Urban Planning for More Resilience in a Post-Pandemic World
How will cities look in a post-pandemic scenario and how has the worldwide health crisis affected urban planning in this day and age, especially in Africa?
An RTPI Research Paper published in October 2021 investigated these and related matters highlighting the importance of more resilient planning for sustainable urban environments. The authors argue that the pandemic has necessitated an urgent revisiting of how society functions emphasising the need to accelerate the implementation of plans to reduce the carbon footprints of economies and disease-related risks and promote more inclusive prosperity models.
This in-depth reflection of the issues at hand and discusses the essentials for change to achieve sustainable urban planning objectives in a post-pandemic world. The pandemic added new challenges to existing issues, whilst it has exposed the weaknesses in the urban planning environments. Key issues discussed in the paper are highlighted below in support of the argument to rethink how we see our urban environments and gain a better understanding of the challenges to address.
Three main themes emerge from the impact of the pandemic on the cities and built environments:
- Housing, community well-being and overall health of people
- Changes in consumption patterns, production and economic activity
- Limitations of city infrastructure for movement
Housing, community well-being and health
More affordable and connected low-carbon-footprint housing is required to ensure a higher level of pandemic readiness to reduce the economic impact on poorer communities, as well as limit the number of lives lost during such a crisis.
People who live in informal settlements can hardly stay indoors for long periods as they lack running water, electricity and other essentials available to those who live in formal housing. These communities are more vulnerable along with the large number of homeless people who dwell on the streets and have no means to secure food and safe shelter during similar health and lockdown crises situations.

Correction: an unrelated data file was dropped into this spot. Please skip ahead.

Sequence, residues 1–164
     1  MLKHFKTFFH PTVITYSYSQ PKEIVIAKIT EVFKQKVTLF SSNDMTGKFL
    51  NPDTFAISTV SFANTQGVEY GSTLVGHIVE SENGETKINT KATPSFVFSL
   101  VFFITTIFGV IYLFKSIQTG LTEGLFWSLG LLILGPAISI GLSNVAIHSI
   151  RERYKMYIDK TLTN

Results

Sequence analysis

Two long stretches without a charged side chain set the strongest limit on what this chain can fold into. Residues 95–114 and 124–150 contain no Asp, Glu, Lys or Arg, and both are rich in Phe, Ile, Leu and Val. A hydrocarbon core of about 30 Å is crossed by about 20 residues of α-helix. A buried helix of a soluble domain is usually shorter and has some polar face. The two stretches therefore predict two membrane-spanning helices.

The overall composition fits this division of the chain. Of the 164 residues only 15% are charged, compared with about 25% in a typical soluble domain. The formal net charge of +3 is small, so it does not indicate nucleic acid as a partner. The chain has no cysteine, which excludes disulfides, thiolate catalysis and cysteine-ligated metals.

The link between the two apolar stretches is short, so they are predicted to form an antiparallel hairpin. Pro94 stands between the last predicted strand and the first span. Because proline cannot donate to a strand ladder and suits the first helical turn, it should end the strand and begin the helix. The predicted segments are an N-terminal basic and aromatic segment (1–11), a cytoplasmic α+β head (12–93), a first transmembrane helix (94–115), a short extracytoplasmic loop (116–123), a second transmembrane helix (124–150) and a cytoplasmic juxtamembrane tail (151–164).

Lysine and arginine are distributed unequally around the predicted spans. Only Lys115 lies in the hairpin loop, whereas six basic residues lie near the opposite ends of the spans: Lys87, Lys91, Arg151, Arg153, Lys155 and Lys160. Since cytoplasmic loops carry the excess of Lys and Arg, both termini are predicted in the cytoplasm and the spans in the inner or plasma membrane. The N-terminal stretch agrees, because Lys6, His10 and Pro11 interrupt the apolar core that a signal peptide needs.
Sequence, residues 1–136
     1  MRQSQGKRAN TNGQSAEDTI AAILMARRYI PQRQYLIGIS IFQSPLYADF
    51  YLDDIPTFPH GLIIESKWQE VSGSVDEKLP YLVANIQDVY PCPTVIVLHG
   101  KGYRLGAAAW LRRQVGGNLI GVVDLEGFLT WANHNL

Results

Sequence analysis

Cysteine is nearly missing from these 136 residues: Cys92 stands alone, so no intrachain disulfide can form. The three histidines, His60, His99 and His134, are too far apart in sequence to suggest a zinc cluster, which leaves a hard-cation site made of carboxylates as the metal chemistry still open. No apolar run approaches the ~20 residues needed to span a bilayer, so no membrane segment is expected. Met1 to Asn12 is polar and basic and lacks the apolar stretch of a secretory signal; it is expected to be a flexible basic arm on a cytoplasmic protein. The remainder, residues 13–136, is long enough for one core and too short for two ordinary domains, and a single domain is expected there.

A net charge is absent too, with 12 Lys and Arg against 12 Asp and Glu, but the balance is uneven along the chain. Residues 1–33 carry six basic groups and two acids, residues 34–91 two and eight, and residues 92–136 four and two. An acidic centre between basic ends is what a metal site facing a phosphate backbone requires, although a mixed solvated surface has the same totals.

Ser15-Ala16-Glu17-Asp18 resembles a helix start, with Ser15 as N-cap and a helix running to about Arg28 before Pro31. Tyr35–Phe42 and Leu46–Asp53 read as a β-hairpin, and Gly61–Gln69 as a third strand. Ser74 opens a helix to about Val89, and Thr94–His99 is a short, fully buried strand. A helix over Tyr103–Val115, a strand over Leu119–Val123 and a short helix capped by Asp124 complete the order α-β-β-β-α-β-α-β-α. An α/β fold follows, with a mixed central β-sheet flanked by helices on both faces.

Adapt for changes in economic activity, consumption patterns and production
Lockdown regulations, along with disease prevention steps, have changed the way people interact, shop, consume and work. In the pre-pandemic world, the focus was on the development of corporate parks and green workspaces. People travelled to work and returned home after business hours. Now we see that a larger segment of the employed population works from home.
The office environment is now distributed, helping to reduce traffic congestion issues, but at the same time, a larger load is placed on the communication infrastructure.
Many people go to the office once or twice a week whilst others perform all their work duties from home. This has shown that certain segments of the economy can adapt in such a crisis environment.
Shopping patterns have also changed. Online shopping is fast becoming the way to find and purchase products for delivery to homes.
Likewise, the virtual healthcare services now available provide access to essential medical consultations without people having to travel. Even in the educational field, we’ve seen a move towards online courses and virtual classrooms.
However, in manufacturing, entertainment, sport, hospitality and related industries, the adaptability to a changed environment has not been without challenges. In addition, for those without high-speed Internet connectivity and sophisticated purchase methods, the impact of the pandemic has been worse. Food distribution networks must be adapted in addition to logistics as part of urban planning for the future.
Infrastructure for improved travelling in urban environments
The spatial divide regarding access to essential products and services came to light during the lockdown in South Africa. Limitations on the number of people who can travel using public transport systems, inclusive of mini taxi services, have shown that many communities cannot get to food sources, places of work and healthcare services during crisis times.
To create more accessibility, regardless of whether it is for unique crises situations or normal day-to-day functioning, city planning should include improvements in walking spaces, exercise areas and public transport infrastructure in response to possible similar pandemic situations in future. By ensuring that workplaces are located closer to communities, the need to travel far to get to work can be reduced. Health centres and places to exercise even during such social distancing periods will become more important in future.
Urban planning – key takeaways
If the pandemic and lockdown regulations have taught town planners one thing, it is the importance of resilient urban planning models. Working towards a more sustainable future also entails making provision for the possibility of other crises situations. Infrastructure development must take into consideration which sectors struggle during pandemics and subsequent movement limitations, which communities are most vulnerable and how to ensure ongoing economic activity through proper infrastructure development.
Consult with our urban planning experts about the ways we can help your city council, firm, campus or community to design, plan and create better and more resilient infrastructure for a sustainable future.